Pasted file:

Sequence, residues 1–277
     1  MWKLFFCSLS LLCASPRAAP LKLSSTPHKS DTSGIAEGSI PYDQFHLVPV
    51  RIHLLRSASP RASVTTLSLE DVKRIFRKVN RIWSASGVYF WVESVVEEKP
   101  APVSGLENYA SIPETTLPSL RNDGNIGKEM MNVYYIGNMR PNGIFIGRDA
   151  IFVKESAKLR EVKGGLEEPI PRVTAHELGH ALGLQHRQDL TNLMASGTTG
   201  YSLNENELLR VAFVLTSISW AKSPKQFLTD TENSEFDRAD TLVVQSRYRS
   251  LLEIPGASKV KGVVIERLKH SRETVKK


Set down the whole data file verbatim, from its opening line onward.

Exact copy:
Sequence, residues 1–277
     1  MWKLFFCSLS LLCASPRAAP LKLSSTPHKS DTSGIAEGSI PYDQFHLVPV
    51  RIHLLRSASP RASVTTLSLE DVKRIFRKVN RIWSASGVYF WVESVVEEKP
   101  APVSGLENYA SIPETTLPSL RNDGNIGKEM MNVYYIGNMR PNGIFIGRDA
   151  IFVKESAKLR EVKGGLEEPI PRVTAHELGH ALGLQHRQDL TNLMASGTTG
   201  YSLNENELLR VAFVLTSISW AKSPKQFLTD TENSEFDRAD TLVVQSRYRS
   251  LLEIPGASKV KGVVIERLKH SRETVKK